MENU

Social media and mobility can change the way we work—if they are done right

November 1, 2013 • Southern Africa

Chris Barry, Group Manager, Customer Relationship Management, Avanade South Africa. (Image source: Avanade South Africa)

Chris Barry, Group Manager, Customer Relationship Management, Avanade South Africa. (Image source: Avanade South Africa)

Two interrelated trends are slowly but surely changing the way that companies operate. The first is the growing use of social media technologies to collaborate with colleagues and customers; the second is the ongoing shift to mobile devices to perform work functions. Research from Avanade makes the point.

Sixty percent of companies say that most employees use personal computing devices at work, and 70 percent of them have changed at least one business process to capitalise on this new reality.[1]

One of the things people are doing on these devices is collaborating—because they are mobile, the process has improved enormously. Seventy-seven percent of business and IT leaders say their companies are currently using social collaboration technologies, and 82 percent of that subset wants to use more of them in the future. Interestingly, users report time-saving and productivity as the main benefits while their bosses see social media as making jobs more interesting.[2]

Companies see business benefit

The reasons behind this change are clear: companies see business benefits. The research shows that improved sales and customer acquisition are the main areas of improvement (73 percent), followed by enhanced ability to bring new products and services to market (58 percent) and increased profits (54 percent).

“However, harnessing the combined power of social media and mobility to make business processes more effective is not that easy,” observes Chris Barry, CRM Group Manager – Avanade. “In South Africa, companies buy into the concept, but the way they are using both social media and mobility remains relatively rudimentary. The focus is typically more on implementing the technologies whereas the real trick is aligning them to the overall strategy.”

One way round the impasse, Barry argues, is to partner with a service provider like Avanade that can help companies to understand the bigger picture and align their social media and corporate strategies, before deploying and managing enabling technologies. “To experience the benefits, it’s vital that processes are automated as much as possible, and powerful analytics are used to turn the mass of information into insight that can be actioned,” Barry says. “In this way, what the insights reveal can be aligned with the business strategy and the way we work can be redesigned.”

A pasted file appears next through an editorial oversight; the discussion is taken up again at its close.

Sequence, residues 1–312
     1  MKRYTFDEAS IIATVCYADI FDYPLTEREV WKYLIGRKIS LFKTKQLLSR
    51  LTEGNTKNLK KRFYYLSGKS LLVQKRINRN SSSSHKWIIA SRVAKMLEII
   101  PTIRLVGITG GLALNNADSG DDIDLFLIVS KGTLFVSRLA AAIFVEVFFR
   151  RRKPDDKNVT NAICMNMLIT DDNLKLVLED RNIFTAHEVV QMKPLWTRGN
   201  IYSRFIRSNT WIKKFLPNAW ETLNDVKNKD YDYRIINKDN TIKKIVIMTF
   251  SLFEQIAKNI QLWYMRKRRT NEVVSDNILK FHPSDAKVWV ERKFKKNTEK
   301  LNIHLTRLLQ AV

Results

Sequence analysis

For example, Barry says that Avanade is locally helping clients develop ways of managing inbound cases derived from continuous monitoring of Twitter. “A person can’t sit glued to the screen and hope to spot what is significant—and yet Twitterati expect a response within an hour,” he explains. “Depending on the company’s strategy, a positive comment might simply be noted or would prompt an engagement in order (potentially) to create brand ambassador.”

This type of service can also help a company track trends in real time—particularly useful, say, when a new product or an ad campaign is launched. “It’s all about getting the information and bringing it to the attention of the right person quickly,” Barry says.

Mobile technology has the real ability to optimise field workforces, both in the sales and service areas—something that South African business is taking to heart. Mobility makes sales people more productive by reducing the amount of time they need to spend at the office—orders can be submitted as they are taken—and smart routing information can help reduce travel times. And, by giving inexperienced technical staff access to expert advice and best practice, customers receive better service.

Avanade’s research also shows up an interesting difference in focus between IT and the business that could account for the slow progress in genuine work redesign: 56 percent of C-suite executives are focused on capitalising on potential benefits while 55 percent of IT leaders are focused on minimising risk.

“Both are correct, but they need to agree on an overall direction first if companies are going to really reap the benefits,” Barry concludes.

Research:

1 Avanade, Global survey: Consumer technologies are changing long-standing business processes and work cultures—and impacting the bottom line (2013),

2 Avanade, Global survey: Is enterprise social collaboration living up to its promise? (May 2013) available at www.avanade.com.

Staff Writer

Comments

comments


Comments are closed.

« »